Jerusalem – Yom Kippur will be observed this Saturday.

It is not hard to explain the concept of Yom Kippur to the secular Jew or to the non-Jew. It is a day of moral reckoning.

The personal message of Yom Kippur: Ask tough questions of yourself, especially if you discover a moral indiscretion in your behavior.

The communal message of Yom Kippur: Ask tough questions of your community and your government, especially if you discover a moral indiscretion in the policies that your government has undertaken.

A case in point: Over the past year, both the U.S. and the Israeli governments, in their quest for peace, have skirted around one the great moral issues of the day – the fact that they are dealing with the Fatah (Arabic for “conquest”) organization, as if Fatah is dedicated to peace and reconciliation with Israel.

On July 15, The Bulletin placed four questions of moral consequence to the governments of the United States and Israel:

1. The Israeli Ministry of Justice defined the Fatah organization as an illegal terrorist organization in 1980. The U.S. Department of Justice made that same determination in 2002. Since the U.S. and Israel now deal directly with Fatah, why have neither country changed the legal status of Fatah? Shouldn’t Fatah’s legal status as a terrorist organization be amended before the U.S. and Israel proceed with recognition and negotiation with Fatah?

2. In September 1993, on the White House lawn, Fatah leader Yasser Arafat signed the Declaration of Principles of the Oslo accords (for recognition of Israel and against terrorism). However, in October 1993, Fatah would not ratify these accords. Shouldn’t Fatah be asked to finally ratify the 1993 “Declaration of Principles” against terror and violence?

3. As an integral part of the Oslo accords, Fatah promised to cancel its covenant that calls for the destruction of the state of Israel. The Palestine National Council convened in 1996 and 1998 to discuss that covenant yet have never cancelled it. Shouldn’t the U.S. and Israel insist that Fatah cancel its covenant?

4. Fatah’s most recent Palestinian Authority schoolbooks, authored by Noa Meridor (see and by Dr. Arnon Groiss (see, demonize Israeli Jews and prepare Palestinian children for war. Shouldn’t the U.S. and Israel insist that the Fatah cancel its curriculum?

Neither the American or the Israeli governments will answer these questions. Spokespeople of both governments say, unofficially, that they wish that that The Bulletin would not ask such questions.

Hardly anyone asked these questions of Fatah at the outset of the current peace process. As a result, the Fatah got away with murder – literally.

This past July 26, The Bulletin published a list of 328 men, women and children who were murdered by Fatah over the past seven years. And over the past year, Fatah took credit for the vast majority of the rockets fired from Gaza into Sderot and the Western Negev region of Israel. Fatah took credit for the bombardment of Sderot on the day before the Rosh Hashanah Jewish New Year last week.

What remains clear is that the American and Israeli governments have cut corners, acting as if Fatah is something other than what it is.

Yom Kippur should be a time of reckoning for both governments.

David Bedein can be reached at His Web site is

©The Bulletin 2007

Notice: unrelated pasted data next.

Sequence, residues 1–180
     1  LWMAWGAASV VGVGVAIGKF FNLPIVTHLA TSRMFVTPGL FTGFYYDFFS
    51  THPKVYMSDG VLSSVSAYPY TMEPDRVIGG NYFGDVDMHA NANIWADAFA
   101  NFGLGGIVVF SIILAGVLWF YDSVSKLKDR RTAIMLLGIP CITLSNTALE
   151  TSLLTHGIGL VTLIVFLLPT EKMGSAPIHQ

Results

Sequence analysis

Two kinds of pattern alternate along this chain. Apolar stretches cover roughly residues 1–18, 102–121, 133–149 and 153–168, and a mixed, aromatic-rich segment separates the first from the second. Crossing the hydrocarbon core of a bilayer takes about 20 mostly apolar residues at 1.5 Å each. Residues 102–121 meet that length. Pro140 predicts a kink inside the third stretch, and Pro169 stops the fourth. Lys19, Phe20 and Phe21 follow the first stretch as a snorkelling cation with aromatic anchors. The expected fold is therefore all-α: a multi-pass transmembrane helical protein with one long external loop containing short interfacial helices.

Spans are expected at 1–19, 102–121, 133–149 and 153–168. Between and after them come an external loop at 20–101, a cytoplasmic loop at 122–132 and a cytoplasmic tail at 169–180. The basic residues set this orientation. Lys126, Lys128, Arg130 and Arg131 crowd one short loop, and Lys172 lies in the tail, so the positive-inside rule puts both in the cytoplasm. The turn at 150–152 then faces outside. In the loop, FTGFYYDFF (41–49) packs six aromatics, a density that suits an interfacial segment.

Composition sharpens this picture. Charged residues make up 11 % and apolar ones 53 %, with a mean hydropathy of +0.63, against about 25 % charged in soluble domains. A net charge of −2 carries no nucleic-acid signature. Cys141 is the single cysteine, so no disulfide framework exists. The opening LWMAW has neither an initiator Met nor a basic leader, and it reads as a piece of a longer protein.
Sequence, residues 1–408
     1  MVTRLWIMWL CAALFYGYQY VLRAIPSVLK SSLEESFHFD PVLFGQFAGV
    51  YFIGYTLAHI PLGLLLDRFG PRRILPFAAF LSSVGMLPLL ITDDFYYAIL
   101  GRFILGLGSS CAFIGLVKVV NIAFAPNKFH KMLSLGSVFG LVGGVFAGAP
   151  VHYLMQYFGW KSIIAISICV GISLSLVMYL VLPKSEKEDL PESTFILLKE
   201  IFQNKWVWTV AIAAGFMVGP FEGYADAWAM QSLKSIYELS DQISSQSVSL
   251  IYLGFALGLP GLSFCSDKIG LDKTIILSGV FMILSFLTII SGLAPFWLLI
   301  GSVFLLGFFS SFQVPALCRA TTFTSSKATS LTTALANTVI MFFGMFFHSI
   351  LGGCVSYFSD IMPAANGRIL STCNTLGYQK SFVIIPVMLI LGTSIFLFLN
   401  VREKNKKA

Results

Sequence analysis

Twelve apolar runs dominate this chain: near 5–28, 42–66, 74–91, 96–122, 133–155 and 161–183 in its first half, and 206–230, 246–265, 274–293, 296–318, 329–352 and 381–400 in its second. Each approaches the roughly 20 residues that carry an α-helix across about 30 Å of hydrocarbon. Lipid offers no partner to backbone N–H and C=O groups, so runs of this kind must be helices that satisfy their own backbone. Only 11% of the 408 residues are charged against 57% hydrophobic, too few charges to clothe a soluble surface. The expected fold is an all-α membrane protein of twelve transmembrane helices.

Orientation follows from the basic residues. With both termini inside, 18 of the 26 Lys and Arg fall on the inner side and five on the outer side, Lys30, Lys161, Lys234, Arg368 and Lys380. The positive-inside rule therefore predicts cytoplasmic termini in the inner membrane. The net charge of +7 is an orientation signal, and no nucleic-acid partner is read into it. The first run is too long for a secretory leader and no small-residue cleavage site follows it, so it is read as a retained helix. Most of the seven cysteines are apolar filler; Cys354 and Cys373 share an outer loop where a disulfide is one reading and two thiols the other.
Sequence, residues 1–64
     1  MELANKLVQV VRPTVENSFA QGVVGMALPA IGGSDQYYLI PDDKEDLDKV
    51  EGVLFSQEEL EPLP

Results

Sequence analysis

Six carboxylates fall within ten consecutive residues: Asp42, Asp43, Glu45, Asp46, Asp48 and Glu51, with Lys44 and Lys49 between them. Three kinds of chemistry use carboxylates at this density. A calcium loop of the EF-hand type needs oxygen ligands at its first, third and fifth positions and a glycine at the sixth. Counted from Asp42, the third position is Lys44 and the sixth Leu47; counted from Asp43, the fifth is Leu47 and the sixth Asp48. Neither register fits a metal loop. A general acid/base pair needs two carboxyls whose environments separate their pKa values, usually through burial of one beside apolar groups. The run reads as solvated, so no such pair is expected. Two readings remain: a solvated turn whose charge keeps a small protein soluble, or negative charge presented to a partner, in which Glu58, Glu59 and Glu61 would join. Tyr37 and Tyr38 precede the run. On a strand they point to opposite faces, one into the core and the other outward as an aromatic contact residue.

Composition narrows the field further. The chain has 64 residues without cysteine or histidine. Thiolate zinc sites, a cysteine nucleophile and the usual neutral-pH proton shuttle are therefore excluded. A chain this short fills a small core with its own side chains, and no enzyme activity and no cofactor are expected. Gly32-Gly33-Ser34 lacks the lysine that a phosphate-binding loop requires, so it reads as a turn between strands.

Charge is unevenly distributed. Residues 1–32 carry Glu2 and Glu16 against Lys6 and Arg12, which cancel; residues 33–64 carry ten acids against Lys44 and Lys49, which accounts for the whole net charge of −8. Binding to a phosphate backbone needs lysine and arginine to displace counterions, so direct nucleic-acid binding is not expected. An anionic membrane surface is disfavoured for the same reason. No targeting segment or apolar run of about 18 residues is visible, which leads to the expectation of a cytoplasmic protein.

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David Bedein is an MSW community organizer and an investigative journalist.   In 1987, Bedein established the Israel Resource News Agency at Beit Agron to accompany foreign journalists in their coverage of Israel, to balance the media lobbies established by the PLO and their allies.   Mr. Bedein has reported for news outlets such as CNN Radio, Makor Rishon, Philadelphia Inquirer, Los Angeles Times, BBC and The Jerusalem Post, For four years, Mr. Bedein acted as the Middle East correspondent for The Philadelphia Bulletin, writing 1,062 articles until the newspaper ceased operation in 2010. Bedein has covered breaking Middle East negotiations in Oslo, Ottawa, Shepherdstown, The Wye Plantation, Annapolis, Geneva, Nicosia, Washington, D.C., London, Bonn, and Vienna. Bedein has overseen investigative studies of the Palestinian Authority, the Expulsion Process from Gush Katif and Samaria, The Peres Center for Peace, Peace Now, The International Center for Economic Cooperation of Yossi Beilin, the ISM, Adalah, and the New Israel Fund.   Since 2005, Bedein has also served as Director of the Center for Near East Policy Research.   A focus of the center's investigations is The United Nations Relief and Works Agency for Palestine Refugees in the Near East (UNRWA). In that context, Bedein authored Roadblock to Peace: How the UN Perpetuates the Arab-Israeli Conflict - UNRWA Policies Reconsidered, which caps Bedein's 28 years of investigations of UNRWA. The Center for Near East Policy Research has been instrumental in reaching elected officials, decision makers and journalists, commissioning studies, reports, news stories and films. In 2009, the center began decided to produce short movies, in addition to monographs, to film every aspect of UNRWA education in a clear and cogent fashion.   The center has so far produced seven short documentary pieces n UNRWA which have received international acclaim and recognition, showing how which UNRWA promotes anti-Semitism and incitement to violence in their education'   In sum, Bedein has pioneered The UNRWA Reform Initiative, a strategy which calls for donor nations to insist on reasonable reforms of UNRWA. Bedein and his team of experts provide timely briefings to members to legislative bodies world wide, bringing the results of his investigations to donor nations, while demanding reforms based on transparency, refugee resettlement and the demand that terrorists be removed from the UNRWA schools and UNRWA payroll.   Bedein's work can be found at: and A new site,, will be launched very soon.